How to become the drivers of change
BY Archana Law
Albert Einstein is widely credited with saying that “the definition of insanity is doing the same thing over and over again but expecting different results.”
Changing how things get done can be a powerful performance enhancing tool. But achieving desirable shifts in habits and routines can be extremely tricky, and even baffling. Part of the problem involves a lack of understanding of what concepts and practices work while others are hard to attain.
If you’re an innovative leader who seeks a competitive advantage that can’t be easily replicated, a game changer who does things beyond the norm in order to achieve more or an individual who is comfortable exploring new dimensions, read on!
EXECUTION History clearly shows that many great ideas need more than awareness to gain traction – when we attempt to improve performance while neglecting what it takes to really make behaviour change happen.
Dr. Atul Gawande noted in Slow Ideas (2013) that according to a report in the Boston Medical and Surgical Journal of 1846, anaesthesia had been used to eliminate pain during operations around the world. However, the widespread adoption of disinfection took much longer to materialise.
Similarly, a 2008 Harvard Business Review (HBR) survey involving 125,000 participants across 50 plus countries found that some 60 percent of the companies surveyed rated their organisational execution as weak.
Though this sounds shocking, something as basic as appropriate behaviour was required to execute superior strategy, maximise processes and embrace technology – so simple, yet difficult.
BEHAVIOUR Influencing behavioural change, which is dismissed as ‘soft stuff,’ isn’t easy. For example, in 2006 a group of 30 Irish CEOs at a government sponsored executive education programme were asked to list topics covered by the course that they felt would help them gain a significant competitive advantage.
The only two topics at the top of the list were leadership and culture.
Understanding why we do what we do may shed light on the many organisational initiatives that never actually take root even though the benefits seem clear to all concerned.
Painstaking analysis of high performers, dozens of meetings to spread those best practices throughout a company and investments in propagating productivity messages have few but inconsistent followers.
In fact, companies may dramatically underperform because leaders at multiple levels fail to proactively encourage desired behaviour and discourage undesired ones.
Though there’s no shortage of ideas for what we would like changed, making the change is a different story. To be good drivers of change in ourselves, we can start by learning how to create practices that support different thought patterns.
REFLECTION It’s critical to set aside some quiet reflective time daily when trying to make a serious behavioural change. This time allows us to think clearly and visualise possibilities. We can’t accomplish what we can’t imagine.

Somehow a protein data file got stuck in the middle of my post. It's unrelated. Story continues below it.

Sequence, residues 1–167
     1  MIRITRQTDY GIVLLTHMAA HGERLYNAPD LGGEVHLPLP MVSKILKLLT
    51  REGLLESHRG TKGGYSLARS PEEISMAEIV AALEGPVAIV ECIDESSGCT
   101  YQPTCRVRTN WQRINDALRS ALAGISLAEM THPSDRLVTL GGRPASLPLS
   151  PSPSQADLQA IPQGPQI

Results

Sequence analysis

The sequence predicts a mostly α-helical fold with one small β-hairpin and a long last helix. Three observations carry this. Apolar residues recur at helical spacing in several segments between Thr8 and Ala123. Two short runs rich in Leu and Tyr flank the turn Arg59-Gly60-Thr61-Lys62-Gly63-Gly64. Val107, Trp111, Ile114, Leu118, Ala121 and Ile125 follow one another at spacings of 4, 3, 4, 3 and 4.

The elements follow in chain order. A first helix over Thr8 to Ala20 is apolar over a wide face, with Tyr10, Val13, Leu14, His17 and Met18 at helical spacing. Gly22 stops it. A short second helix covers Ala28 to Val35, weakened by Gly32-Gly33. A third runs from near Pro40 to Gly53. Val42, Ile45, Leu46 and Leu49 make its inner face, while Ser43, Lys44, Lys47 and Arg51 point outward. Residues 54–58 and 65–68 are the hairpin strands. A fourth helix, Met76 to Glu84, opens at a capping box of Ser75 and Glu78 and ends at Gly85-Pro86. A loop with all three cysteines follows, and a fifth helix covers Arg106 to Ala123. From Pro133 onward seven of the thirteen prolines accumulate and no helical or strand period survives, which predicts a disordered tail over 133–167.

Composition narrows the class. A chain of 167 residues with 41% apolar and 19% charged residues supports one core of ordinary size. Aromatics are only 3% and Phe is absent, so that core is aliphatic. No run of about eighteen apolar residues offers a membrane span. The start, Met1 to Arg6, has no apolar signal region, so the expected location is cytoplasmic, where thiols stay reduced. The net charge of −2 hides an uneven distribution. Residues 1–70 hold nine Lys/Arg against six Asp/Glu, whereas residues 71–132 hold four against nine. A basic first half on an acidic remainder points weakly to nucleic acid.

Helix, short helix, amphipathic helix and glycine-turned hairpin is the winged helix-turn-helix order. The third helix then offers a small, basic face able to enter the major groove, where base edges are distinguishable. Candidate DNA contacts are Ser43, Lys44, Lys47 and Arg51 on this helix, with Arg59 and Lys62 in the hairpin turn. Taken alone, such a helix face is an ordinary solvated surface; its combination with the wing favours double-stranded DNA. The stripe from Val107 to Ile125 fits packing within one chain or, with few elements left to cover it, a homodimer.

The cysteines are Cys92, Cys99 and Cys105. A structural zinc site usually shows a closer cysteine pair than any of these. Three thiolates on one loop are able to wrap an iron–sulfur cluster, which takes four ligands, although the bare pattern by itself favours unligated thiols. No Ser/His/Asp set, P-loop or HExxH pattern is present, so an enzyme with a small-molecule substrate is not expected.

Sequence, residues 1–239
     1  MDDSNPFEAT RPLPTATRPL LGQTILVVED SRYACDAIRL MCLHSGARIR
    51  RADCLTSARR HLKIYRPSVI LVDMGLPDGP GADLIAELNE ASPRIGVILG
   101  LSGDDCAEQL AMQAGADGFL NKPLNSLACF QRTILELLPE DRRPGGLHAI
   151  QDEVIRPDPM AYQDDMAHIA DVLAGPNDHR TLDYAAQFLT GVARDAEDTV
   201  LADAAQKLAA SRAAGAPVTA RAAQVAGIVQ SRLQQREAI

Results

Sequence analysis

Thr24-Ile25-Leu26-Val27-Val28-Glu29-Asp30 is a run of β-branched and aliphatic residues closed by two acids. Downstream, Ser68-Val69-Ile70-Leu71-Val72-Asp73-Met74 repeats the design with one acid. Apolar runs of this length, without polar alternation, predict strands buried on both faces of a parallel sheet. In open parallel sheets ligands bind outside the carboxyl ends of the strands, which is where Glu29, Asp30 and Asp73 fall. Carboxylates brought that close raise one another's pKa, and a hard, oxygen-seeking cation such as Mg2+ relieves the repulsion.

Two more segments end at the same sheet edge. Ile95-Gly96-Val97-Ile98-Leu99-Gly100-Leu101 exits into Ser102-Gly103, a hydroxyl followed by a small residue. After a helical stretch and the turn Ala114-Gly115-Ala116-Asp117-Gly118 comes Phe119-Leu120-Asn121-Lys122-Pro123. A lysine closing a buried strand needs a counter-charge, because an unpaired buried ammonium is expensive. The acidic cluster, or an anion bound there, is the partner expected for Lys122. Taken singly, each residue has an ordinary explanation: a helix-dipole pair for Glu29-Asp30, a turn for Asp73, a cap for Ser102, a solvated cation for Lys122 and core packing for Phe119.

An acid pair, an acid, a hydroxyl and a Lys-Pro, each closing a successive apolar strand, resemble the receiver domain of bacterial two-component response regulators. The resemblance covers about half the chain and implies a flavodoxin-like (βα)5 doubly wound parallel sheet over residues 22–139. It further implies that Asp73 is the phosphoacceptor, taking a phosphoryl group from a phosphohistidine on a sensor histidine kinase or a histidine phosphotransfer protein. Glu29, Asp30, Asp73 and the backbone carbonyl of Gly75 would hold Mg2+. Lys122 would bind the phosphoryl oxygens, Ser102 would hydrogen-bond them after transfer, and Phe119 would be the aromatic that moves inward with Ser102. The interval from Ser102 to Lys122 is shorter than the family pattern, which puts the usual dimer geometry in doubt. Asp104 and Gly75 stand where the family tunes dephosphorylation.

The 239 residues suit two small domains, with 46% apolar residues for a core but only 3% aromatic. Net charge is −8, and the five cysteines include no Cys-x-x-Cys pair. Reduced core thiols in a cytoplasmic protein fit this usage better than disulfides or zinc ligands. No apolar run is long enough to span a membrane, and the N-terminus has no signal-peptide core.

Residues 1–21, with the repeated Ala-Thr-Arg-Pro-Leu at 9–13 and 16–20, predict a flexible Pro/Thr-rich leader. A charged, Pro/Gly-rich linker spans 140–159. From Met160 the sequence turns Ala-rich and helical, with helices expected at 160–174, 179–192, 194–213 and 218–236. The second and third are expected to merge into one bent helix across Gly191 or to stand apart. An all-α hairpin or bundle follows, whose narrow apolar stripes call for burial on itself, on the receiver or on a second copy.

Author Daniel H. Pink talks about the phenomenon of ‘functional fixedness.’ This occurs when we have a hard time seeing alternatives because we’re overly focussed on the most obvious answer. When we reduce the noise in our brain, we’re better able to gain new insights.
SOLUTIONS Our culture often encourages an over-focus on thrashing out what happened and why, whenever something goes wrong in the workplace. But we have a greater chance of progressing if we focus on solutions rather than problems.
If we keep our attention focussed on what failed, those thoughts will dominate our thinking. On the flip side, if we choose to focus on possibilities, those thoughts become more prevalent. The solutions will come from your potential, not the pitfalls of the past.
INSPIRATION More time for reflection means fresh opportunities for new insights. The burst of adrenaline we get from forming new mental connections releases positive brain chemicals and gives us a rush of creative energy.
Acting on that jolt of creativity is helpful when trying to make a change. Capture the great ideas, let them percolate and then commit yourself to executing what feels most right to you.
MOVEMENT Take the first step… even if it’s a small one. Change can be hard because it’s a big hill of uncertainty to climb. To begin with, instead of focussing on major transformations, try conquering smaller incremental changes.
According to neuroscientist Earl Miller, making the first move (and seeing success from it) has a major impact on the brain. Our brains learn fast about what makes us succeed so we can repeat it.
If we want to create lasting behavioural change, we should lose the all-or-nothing mentality. Successful change comes only in stages and the length of time it takes depends on the individual.